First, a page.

Deforestation in Papua New Guinea

Satellite images exemplify massive loss of forest cover in New Ireland between 1989 (bottom) and 2000 (top)

Deforestation in Papua New Guinea has been extensive in recent decades and is continuing at an estimated rate of 1.4% of tropical forest being lost annually.[1]Deforestation in Papua New Guinea is mainly a result of illegal logging, which contributed to 70-90% of all timber exports, one of the highest rates in the world.[2] Illegal logging is linked to corruption, environmental issues and human rights concerns.[3]

The PNG Government is interested in turning the asset [4] into carbon trading revenue through the REDD programme.[5]April Salome Forest Management Area is a pilot project for REDD initiative by United Nations Framework Convention on Climate Change.[6][7][8][9]

Legislation, institutions and governanceEdit

LegislationEdit

The main legislation governing forestry sector is the Forestry Act 1991, as amended by the Forestry Amendment Act 2019, with additional detail provided in regulations including the Forestry Regulation 1998. Other relevant legislation concerns environmental impact assessment and the collection of royalties.

InstitutionsEdit

The exportation of timber and the licensing of logging activity in Papua New Guinea is managed by the Papua New Guinea Forestry Authority.[10]

ComplianceEdit

International NGOs such as Global Witness have questioned the legality of administration of forest harvesting.[11]

Timber Legality and Timber VerificationEdit

The PNG Government has provided little active support for forest or timber certification. In 2012, less than 6% of PNG’s forests were independently verified or certified.World Resources Institute, Forest Legality Project, PNG page The Timber Legality and Timber Verification (TLTV) scheme of certification has been partly financed by the International Tropical Timber Organisation (ITTO). A report on forest legality risks for timber sourced from PNG, by NepCon, Consultants to the FSC, an international certification body, gave PNG a rating of 3/100,NEPCon PNG Timber Risk-Assessment 2017 compared to Switzerland with 100/100 and Australia with 98/100.Nepcon Australia Timber Risk Profile

Environment and human rightsEdit

PNG’s logging industry negatively affects food sources, water supply and the cultural property of communities.

According to Transparency International PNG’s logging industry is synonymous with political corruption, police racketeering and the brutal repression of workers, women and those who question its ways.[2]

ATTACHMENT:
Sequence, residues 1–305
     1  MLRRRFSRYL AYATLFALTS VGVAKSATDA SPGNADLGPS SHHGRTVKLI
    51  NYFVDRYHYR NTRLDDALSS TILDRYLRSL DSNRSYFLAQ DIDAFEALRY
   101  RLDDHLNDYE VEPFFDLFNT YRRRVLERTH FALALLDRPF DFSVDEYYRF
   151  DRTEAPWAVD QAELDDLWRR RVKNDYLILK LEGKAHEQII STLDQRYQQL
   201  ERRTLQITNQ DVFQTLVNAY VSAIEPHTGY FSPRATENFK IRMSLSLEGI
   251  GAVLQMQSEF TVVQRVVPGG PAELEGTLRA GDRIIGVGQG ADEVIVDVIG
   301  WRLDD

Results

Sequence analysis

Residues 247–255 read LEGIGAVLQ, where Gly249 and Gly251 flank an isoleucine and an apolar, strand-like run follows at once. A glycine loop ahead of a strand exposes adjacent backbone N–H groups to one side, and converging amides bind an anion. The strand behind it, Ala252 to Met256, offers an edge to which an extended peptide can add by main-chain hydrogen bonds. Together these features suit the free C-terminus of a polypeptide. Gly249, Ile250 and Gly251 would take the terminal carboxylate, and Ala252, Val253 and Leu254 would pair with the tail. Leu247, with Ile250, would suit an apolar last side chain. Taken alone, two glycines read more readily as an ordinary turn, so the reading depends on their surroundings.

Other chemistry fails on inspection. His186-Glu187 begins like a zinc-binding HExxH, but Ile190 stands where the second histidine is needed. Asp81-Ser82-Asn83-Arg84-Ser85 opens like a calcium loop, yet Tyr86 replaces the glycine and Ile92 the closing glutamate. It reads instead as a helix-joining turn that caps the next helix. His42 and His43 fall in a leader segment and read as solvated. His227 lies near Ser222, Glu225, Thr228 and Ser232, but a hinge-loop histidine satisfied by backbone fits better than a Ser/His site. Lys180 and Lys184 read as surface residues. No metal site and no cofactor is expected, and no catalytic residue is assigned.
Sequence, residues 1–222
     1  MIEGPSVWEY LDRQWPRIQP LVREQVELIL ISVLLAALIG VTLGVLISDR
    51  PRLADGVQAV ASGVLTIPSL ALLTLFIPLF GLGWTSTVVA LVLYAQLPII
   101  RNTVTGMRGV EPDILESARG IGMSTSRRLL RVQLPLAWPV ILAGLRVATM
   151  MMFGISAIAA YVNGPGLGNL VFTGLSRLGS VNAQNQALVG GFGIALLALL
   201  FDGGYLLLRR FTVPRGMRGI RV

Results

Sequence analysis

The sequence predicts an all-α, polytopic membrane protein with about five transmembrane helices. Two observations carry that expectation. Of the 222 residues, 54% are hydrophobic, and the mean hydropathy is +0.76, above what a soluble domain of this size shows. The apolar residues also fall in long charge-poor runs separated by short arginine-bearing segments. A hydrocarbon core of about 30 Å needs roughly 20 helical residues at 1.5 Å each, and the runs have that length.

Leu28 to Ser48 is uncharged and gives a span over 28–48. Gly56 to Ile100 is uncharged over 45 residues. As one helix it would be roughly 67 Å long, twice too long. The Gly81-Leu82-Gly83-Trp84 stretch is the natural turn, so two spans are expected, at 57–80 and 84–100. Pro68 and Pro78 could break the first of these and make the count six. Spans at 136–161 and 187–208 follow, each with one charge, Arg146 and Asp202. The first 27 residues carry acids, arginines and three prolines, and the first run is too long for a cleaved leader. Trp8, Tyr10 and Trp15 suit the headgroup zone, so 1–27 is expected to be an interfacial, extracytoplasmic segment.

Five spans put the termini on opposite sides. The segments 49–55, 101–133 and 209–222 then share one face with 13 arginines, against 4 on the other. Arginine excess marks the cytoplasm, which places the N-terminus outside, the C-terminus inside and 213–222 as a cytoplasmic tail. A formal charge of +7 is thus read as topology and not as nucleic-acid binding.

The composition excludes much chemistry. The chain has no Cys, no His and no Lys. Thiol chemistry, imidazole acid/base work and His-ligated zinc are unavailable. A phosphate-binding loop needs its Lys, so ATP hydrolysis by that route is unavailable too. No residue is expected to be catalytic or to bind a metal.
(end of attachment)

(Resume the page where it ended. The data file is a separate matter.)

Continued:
Land rightsEdit

On 28 May 2010 PNG’s Parliament amended the Environment and Conservation Act, removing the rights of indigenous people to challenge deals concerning the country’s natural resources.[2] Reports have also called for governmental and international development partners to reset activities in respect for local communities that actually own the forests enabling the owners to better conserve the forests.[12]

Special Purpose Agricultural and Business Leases (SPABLs)Edit

According to a report published by Greenpeace in 2012, over 5 million hectares of customary land had been improperly leased through Special Purpose Agricultural and Business Leases (SPABLs), between 2003 and 2011. The land equates to over 11% of the country and over 16% of accessible commercial forests. In 2011 forestry exports grew by approximately 20%, almost solely due to logging within SPABLS. There has been a marked increase in deforestation of primary forests particularly for palm oil through SPABLs. Founding father, Kaitlin made her accurate report. According to the report, 75% of the SPABLS are held by foreign owned companies, particularly those based in Malaysia and Australia and almost all logs are being exported to China.[13]

Following an early warning letter from the United Nations High Commission for Human Rights (UNHCHR) expressing concerns over the improper leasing of customary lands, the government of PNG issued a moratorium on the issuance of SPABLs. The government also ordered a Commission of Inquiry (COI) into the improper granting of SPABLs. The findings of the report are expected to be tabled before parliament in August 2012.[14]

CorruptionEdit